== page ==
Tombstone, Arizona is located in a desert. As such, water supplies for the historic frontier town are pretty important. A lot of Tombstone’s water comes from water infrastructure located on federally-managed park land, as has been the case for roughly a century. Recently, though, forest fires and inclement weather has destroyed or damaged a lot of that infrastructure and local officials want the federal government to let them go in and repair it.
But the federal government won’t let them do it…unless they use horses and hand tools:
The shortage developed because of the Monument Fire in 2011, which denuded the hillsides of vegetation. After the fire, record-breaking monsoon rains hit the region, triggering huge mudslides that left boulders the size of cars tumbling down hillsides.
The slides crushed Tombstone’s mountain spring waterlines and destroyed reservoirs for the town’s main water supply network.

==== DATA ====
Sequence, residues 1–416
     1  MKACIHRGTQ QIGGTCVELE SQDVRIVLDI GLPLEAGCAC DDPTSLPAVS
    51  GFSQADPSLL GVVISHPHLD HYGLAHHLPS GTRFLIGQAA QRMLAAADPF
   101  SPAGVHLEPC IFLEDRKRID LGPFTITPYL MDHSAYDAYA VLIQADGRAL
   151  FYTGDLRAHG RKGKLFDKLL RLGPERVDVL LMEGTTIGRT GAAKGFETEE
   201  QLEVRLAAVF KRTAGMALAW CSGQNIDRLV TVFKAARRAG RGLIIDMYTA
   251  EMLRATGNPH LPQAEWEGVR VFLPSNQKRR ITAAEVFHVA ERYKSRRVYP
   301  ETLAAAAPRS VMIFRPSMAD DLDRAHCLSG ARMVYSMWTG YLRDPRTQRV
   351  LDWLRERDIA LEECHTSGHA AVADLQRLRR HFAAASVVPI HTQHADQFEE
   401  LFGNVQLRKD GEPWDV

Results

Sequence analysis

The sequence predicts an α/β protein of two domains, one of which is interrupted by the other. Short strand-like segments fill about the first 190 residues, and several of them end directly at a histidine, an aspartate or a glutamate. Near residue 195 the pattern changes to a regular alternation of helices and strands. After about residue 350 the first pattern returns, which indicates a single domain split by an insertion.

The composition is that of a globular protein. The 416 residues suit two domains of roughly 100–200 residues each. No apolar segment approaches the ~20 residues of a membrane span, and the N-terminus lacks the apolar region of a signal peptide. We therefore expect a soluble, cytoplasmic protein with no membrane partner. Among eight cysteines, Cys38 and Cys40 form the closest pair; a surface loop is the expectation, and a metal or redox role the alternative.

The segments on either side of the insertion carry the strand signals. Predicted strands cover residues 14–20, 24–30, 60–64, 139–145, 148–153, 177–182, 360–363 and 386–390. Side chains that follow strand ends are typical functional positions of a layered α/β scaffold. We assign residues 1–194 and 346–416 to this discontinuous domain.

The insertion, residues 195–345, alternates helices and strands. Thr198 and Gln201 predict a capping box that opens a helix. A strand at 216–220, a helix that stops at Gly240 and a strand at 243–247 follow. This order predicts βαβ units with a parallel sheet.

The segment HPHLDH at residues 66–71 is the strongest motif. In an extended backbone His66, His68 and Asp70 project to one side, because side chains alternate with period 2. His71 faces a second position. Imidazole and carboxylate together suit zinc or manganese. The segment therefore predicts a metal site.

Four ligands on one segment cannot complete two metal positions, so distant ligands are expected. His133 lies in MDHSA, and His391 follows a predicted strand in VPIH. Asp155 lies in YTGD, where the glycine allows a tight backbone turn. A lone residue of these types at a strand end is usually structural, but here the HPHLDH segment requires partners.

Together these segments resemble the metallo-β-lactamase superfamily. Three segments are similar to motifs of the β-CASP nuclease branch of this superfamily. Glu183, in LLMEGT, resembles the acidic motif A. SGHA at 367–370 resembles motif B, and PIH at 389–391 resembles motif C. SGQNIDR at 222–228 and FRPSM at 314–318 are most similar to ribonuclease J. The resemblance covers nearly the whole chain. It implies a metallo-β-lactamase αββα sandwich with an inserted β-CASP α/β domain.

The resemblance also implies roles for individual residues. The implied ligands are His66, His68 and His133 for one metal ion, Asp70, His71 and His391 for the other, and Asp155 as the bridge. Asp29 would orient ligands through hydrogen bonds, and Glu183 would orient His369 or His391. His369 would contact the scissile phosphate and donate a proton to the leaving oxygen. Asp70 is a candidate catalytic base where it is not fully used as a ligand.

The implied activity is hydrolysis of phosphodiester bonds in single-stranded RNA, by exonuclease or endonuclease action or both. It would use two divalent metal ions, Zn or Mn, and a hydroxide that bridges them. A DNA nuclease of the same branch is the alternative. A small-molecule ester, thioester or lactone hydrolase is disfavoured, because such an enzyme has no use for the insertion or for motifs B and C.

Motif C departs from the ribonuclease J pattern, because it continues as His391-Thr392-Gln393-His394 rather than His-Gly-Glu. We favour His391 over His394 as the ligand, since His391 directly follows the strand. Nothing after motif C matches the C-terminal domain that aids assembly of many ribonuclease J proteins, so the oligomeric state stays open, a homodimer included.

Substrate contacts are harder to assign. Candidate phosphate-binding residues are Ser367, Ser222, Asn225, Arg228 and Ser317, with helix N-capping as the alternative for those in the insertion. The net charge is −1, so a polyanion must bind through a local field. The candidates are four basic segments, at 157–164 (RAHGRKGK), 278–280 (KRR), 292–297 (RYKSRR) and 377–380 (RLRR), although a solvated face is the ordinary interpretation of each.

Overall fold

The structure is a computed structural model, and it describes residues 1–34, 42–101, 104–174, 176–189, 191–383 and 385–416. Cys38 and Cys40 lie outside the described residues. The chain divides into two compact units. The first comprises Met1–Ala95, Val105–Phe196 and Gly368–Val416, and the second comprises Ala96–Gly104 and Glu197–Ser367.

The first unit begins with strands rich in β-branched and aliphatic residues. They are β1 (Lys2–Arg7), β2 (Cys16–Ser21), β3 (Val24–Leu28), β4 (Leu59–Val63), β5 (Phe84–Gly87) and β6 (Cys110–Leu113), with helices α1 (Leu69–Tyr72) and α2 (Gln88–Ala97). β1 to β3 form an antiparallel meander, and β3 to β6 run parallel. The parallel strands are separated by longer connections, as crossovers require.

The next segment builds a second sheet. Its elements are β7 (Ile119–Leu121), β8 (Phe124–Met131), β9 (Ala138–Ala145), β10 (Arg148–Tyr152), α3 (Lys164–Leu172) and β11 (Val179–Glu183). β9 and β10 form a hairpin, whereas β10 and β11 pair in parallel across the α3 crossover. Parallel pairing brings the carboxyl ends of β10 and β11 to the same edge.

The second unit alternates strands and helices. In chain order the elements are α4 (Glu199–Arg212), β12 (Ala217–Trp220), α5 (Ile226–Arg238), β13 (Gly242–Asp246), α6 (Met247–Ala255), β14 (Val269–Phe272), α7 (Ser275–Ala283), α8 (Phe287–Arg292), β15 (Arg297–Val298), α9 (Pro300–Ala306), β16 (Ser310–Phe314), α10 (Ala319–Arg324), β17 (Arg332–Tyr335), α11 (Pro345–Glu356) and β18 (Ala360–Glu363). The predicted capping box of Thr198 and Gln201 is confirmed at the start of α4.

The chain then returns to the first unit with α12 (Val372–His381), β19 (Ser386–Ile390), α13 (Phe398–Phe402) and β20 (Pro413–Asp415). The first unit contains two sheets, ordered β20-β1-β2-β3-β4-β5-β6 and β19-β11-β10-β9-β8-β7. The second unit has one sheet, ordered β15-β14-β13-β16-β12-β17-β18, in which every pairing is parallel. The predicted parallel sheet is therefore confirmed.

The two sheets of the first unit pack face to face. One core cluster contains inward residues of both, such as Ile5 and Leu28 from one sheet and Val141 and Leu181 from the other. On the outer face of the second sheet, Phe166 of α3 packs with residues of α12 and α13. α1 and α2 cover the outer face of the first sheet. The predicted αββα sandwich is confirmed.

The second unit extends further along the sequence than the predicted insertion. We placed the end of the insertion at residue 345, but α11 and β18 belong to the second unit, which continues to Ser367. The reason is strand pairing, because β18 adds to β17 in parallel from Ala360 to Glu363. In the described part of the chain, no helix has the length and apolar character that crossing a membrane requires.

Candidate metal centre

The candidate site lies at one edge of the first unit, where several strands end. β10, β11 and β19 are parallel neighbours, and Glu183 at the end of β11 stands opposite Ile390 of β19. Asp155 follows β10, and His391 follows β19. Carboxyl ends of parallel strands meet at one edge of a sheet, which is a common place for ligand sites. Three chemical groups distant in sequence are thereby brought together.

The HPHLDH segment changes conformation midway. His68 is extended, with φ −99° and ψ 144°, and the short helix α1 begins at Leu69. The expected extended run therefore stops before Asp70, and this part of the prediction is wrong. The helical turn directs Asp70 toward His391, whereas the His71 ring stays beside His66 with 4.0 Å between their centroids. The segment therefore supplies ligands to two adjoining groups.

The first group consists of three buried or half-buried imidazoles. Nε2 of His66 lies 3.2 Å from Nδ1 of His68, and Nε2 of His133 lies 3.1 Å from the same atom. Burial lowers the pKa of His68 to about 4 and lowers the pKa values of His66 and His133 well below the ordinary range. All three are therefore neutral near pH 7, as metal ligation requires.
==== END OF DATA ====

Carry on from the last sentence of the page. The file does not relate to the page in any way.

“In some areas, Tombstone’s pipeline is under 12 feet of mud, rocks and other debris, while in other places, it is hanging in mid-air due to the ground being washed out from under it,” the institute reported.
However, instead of allowing repairs as has happened in the past, “federal bureaucrats are refusing to allow Tombstone to unearth its springs and restore its waterlines unless [city officials] jump through a lengthy permitting process that will require the city to use horses and hand tools to remove boulders the size of Volkswagens.”
I’ve often joked that the environmentalists would like us to go back to the horse-and-buggy days, because that would be better for the environment, but this is ridiculous.
Here’s the thing, though: Would horses and hand-tools really have less of an environmental impact on these park areas? It seems like that would make the project harder and sloppier.